A freed Israeli hostage relives horrors of captivity and fears for her husband, still held in Gaza


KIBBUTZ NIR OZ, Israel (AP) — Standing in the ruins of her home in the Nir Oz farming village on the Gaza border, Sharon Alony Cunio gazed at the skyline of Khan Younis, the Palestinian city where Hamas militants dragged her more than three months ago. Her husband, David, remains captive in Gaza.

Cunio and her 3-year-old twins were released from Gaza on Nov. 27. They are physically healthy, and safe. But she can't stop thinking about her husband's last words to her. He was skinny and frail, wounded in the leg, as the family embraced for a final time in captivity.

“Fight for me. Don't give up," she said he told her. “Please yell what I cannot yell. I'm scared as hell.”

David Cunio is among scores of captives believed to be alive in Gaza after 120 hostages, including his wife and daughters, were freed during a weeklong cease-fire.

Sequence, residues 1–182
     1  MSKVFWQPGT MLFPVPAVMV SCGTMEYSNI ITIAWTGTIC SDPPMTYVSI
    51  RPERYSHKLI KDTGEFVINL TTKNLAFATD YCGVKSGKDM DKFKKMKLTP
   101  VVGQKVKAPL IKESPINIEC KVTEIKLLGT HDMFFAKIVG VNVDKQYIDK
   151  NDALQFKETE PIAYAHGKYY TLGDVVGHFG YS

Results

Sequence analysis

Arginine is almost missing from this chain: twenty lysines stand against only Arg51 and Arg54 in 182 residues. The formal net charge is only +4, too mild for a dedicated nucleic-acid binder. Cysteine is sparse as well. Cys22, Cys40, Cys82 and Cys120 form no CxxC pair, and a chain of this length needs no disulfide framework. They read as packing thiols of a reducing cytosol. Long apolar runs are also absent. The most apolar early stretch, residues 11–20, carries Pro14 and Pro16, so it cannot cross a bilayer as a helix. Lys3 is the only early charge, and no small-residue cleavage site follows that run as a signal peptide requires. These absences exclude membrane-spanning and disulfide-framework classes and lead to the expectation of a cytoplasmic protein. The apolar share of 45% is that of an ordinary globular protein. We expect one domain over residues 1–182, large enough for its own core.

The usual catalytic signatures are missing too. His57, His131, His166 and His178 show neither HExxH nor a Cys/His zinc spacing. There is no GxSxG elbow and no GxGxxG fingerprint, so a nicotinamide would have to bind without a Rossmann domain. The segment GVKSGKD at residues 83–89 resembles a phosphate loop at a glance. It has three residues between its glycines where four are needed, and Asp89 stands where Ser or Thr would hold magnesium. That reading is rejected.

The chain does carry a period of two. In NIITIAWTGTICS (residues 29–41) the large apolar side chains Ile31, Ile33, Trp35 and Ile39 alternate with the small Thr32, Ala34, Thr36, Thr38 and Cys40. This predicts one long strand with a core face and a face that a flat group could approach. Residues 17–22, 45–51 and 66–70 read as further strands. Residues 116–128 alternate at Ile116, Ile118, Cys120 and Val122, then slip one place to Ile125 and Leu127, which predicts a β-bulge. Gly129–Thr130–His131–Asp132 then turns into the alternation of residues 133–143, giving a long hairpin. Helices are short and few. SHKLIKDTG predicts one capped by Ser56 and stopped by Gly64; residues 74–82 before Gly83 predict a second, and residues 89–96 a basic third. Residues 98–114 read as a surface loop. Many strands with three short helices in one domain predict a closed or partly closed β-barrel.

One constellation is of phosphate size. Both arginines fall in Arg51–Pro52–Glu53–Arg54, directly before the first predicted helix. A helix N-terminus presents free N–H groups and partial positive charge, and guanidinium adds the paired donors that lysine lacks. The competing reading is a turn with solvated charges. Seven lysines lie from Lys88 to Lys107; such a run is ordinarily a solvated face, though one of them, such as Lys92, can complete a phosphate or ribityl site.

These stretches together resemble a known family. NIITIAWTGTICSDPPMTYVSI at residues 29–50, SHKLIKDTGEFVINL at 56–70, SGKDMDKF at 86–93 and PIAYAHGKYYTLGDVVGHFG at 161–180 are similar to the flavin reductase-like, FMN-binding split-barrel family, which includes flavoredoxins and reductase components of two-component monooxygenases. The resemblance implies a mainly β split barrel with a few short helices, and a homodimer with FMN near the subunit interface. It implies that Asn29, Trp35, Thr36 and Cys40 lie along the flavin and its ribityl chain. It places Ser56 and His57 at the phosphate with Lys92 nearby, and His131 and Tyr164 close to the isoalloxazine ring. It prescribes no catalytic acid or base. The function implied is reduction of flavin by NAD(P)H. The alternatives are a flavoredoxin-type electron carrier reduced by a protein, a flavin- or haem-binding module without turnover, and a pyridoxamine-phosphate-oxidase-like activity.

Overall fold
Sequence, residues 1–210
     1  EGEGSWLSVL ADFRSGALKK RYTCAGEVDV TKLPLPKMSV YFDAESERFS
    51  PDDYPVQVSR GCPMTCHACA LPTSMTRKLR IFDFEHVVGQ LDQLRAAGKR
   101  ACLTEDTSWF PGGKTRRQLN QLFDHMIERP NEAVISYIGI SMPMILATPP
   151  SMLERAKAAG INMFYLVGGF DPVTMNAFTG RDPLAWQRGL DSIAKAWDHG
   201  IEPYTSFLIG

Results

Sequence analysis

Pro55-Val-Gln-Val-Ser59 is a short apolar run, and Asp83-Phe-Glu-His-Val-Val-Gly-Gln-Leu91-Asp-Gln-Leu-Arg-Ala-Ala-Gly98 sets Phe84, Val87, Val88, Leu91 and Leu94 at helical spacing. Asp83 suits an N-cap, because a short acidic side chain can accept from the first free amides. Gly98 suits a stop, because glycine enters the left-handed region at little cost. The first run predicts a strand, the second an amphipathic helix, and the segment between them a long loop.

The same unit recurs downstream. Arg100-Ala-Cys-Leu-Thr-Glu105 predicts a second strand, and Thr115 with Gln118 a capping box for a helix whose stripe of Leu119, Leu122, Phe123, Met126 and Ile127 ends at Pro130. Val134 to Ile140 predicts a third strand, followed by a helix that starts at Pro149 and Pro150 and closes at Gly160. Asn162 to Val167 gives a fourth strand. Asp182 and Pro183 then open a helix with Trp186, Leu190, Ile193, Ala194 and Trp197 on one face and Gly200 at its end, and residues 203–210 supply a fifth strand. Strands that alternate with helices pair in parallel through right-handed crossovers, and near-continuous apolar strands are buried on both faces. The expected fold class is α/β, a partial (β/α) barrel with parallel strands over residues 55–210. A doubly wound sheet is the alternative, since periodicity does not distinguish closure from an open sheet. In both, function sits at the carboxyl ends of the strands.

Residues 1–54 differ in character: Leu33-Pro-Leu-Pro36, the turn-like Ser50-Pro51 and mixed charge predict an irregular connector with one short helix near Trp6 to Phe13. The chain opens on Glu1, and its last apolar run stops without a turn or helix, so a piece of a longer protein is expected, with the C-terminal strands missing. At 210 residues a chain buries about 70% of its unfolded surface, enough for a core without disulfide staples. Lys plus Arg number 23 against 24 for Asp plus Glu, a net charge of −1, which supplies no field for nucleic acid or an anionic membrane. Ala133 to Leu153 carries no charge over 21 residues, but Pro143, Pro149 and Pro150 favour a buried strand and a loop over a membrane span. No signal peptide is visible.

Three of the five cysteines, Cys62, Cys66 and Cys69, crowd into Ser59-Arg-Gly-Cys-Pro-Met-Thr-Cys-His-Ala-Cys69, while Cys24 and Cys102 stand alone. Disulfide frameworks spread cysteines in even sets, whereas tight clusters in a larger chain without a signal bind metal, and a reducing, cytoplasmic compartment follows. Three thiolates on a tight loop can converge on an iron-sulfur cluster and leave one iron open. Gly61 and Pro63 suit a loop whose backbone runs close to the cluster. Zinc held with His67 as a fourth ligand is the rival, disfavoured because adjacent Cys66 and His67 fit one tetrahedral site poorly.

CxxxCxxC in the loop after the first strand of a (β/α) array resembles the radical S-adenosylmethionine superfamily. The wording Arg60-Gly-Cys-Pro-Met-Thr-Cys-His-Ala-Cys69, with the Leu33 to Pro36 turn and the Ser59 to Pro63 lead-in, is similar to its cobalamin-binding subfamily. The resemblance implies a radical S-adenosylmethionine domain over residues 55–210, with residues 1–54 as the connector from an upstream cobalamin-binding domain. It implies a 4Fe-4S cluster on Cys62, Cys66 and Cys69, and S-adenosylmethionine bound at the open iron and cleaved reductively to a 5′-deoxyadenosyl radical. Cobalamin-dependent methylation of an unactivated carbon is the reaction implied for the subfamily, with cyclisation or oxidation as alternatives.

As days spin by, punctuated by reports that other hostages have died in captivity, those freed have increasingly spoken out about the conditions they endured. With the plight of the remaining hostages gripping the nation's attention, those who survived hope to pressure the government into reaching another deal.

In an interview with The Associated Press, Sharon described the Hamas attack and her time in captivity, most of which she said was spent in a hospital — bolstering Israel's claims that Hamas has abused protected medical locations for military purposes.

Her girls, Emma and Julie, don’t yet understand what happened to them after Hamas militants rampaged through southern Israel on Oct, 7, killing 1,200 people and kidnapping 250. The Hamas attack prompted a blistering Israeli offensive on the Gaza Strip.